United States Nuclear Regulatory Commission - Protecting People and the Environment

Assessment of the Relevance of Displacement Bases Design Methods/Criteria to Nuclear Plant Structures (NUREG/CR-6719)

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Publication Information

Manuscript Completed: February 2001
Date Published: July 2001

Prepared by:
Y. K. Wang, C. A. Miller, C. H. Hofmayer

Brookhaven National Laboratory
Upton, NY 11973-5000

J. F. Costello, NRC Project Manager

Prepared for:
Division of Engineering Technology
Office of Nuclear Regulatory Research
U.S. Nuclear Regulatory Commission
Washington, DC 20555-0001

NRC Job Code W6245

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Abstract

The objective of the work described in this report is to evaluate the extent to which displacement based methods may be useful to evaluate the seismic response of nuclear power station structures. A literature review of displacement based seismic design methods was completed during the first phase of the project. As a result of this review it was decided to investigate the displacement based method outlined in FEMA 273 by applying it to two structures.

The first structure considered was a four story reinforced concrete building with shear walls. FEMA 273 pushover analysis methods were compared with nonlinear time history analysis and response spectrum analysis including ductility factors. The comparisons show that the FEMA analysis results are comparable to those achieved with the current force based methods.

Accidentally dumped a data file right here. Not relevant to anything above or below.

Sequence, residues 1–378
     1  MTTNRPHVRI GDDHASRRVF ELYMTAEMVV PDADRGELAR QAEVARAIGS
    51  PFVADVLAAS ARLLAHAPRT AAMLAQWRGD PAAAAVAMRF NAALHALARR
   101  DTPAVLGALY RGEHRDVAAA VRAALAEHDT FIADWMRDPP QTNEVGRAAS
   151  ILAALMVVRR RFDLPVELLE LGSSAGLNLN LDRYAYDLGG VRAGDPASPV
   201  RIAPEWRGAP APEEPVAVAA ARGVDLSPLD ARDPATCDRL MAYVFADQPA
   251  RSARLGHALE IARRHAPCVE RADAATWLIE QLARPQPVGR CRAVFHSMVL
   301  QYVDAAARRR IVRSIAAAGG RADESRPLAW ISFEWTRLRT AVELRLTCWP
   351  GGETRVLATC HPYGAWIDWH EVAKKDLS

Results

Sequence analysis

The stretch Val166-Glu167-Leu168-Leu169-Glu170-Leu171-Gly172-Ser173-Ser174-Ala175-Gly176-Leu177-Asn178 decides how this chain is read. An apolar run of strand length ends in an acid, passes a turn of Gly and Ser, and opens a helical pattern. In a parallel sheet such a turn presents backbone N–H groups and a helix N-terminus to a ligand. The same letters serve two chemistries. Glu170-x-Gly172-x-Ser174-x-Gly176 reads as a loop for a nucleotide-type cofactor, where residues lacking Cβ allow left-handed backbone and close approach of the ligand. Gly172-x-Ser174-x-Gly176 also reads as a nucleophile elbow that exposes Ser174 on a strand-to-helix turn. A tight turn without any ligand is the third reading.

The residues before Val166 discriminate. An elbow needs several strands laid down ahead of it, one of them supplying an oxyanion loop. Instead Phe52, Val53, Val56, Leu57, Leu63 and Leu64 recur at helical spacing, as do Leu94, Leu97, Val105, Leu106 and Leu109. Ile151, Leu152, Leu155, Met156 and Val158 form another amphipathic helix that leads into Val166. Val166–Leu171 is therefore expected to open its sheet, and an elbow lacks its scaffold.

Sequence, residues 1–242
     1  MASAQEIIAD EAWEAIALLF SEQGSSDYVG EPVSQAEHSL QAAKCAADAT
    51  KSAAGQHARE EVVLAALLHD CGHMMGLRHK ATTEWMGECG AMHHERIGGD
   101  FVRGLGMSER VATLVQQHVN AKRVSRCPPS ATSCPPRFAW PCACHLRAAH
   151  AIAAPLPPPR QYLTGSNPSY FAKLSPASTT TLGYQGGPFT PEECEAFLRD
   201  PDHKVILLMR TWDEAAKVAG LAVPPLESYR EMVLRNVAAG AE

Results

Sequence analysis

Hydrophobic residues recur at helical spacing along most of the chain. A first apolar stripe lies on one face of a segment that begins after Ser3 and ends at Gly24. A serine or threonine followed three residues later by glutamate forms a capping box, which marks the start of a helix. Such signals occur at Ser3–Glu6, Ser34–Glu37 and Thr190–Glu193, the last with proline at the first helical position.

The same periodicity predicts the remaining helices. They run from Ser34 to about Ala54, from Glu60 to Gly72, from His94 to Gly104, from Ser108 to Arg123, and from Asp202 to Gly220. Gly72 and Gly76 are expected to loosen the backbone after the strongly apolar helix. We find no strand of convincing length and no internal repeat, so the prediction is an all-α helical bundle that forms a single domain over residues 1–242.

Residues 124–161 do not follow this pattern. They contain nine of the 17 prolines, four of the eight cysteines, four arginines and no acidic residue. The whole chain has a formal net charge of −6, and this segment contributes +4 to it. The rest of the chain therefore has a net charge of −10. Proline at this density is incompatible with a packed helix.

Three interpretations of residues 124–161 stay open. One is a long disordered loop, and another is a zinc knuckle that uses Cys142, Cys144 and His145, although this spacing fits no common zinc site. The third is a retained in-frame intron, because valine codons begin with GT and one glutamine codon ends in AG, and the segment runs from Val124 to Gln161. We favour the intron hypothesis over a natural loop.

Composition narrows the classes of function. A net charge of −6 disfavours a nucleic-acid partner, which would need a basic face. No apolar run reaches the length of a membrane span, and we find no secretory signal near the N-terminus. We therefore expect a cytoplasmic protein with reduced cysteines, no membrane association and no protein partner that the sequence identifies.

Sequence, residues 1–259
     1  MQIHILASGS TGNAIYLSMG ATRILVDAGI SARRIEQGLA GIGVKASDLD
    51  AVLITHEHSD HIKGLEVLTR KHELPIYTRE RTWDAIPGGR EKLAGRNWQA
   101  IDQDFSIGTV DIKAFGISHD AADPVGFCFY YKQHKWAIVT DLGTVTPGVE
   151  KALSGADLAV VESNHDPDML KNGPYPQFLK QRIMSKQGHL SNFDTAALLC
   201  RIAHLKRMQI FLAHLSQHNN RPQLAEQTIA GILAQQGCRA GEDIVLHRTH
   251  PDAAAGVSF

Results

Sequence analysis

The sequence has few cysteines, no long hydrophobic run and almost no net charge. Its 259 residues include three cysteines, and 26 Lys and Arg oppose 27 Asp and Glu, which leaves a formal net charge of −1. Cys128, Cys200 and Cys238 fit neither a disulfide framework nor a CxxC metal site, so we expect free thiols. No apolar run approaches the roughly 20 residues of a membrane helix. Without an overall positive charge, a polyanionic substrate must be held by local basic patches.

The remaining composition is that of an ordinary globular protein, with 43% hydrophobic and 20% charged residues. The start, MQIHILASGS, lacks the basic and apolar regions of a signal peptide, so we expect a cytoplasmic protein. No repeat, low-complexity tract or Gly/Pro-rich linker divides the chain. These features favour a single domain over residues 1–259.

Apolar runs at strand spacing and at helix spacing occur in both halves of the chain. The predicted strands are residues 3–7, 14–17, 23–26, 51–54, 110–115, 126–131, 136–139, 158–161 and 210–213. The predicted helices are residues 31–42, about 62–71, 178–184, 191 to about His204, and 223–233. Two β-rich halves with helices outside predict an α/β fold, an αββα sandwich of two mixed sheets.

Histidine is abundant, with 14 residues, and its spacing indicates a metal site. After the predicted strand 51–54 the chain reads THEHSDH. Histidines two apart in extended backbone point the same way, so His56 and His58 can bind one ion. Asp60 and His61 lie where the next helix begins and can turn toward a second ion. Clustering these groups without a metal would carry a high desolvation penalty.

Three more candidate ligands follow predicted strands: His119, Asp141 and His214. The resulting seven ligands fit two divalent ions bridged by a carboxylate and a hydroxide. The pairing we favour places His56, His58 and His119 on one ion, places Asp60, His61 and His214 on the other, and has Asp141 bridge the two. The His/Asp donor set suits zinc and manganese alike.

The second structure analyzed was the Diablo Canyon nuclear power station turbine building. The main portion of this building is a reinforced concrete shear wall building that contains the turbine. The turbine is mounted on a pedestal which is a reinforced concrete frame structure. It is separately founded from the building and separated from the building by gaps at the operating floor. These gaps close under large earthquakes resulting in geometric nonlinearities. The results predicted with the FEMA analysis are found to compare poorly with nonlinear time history analyses.

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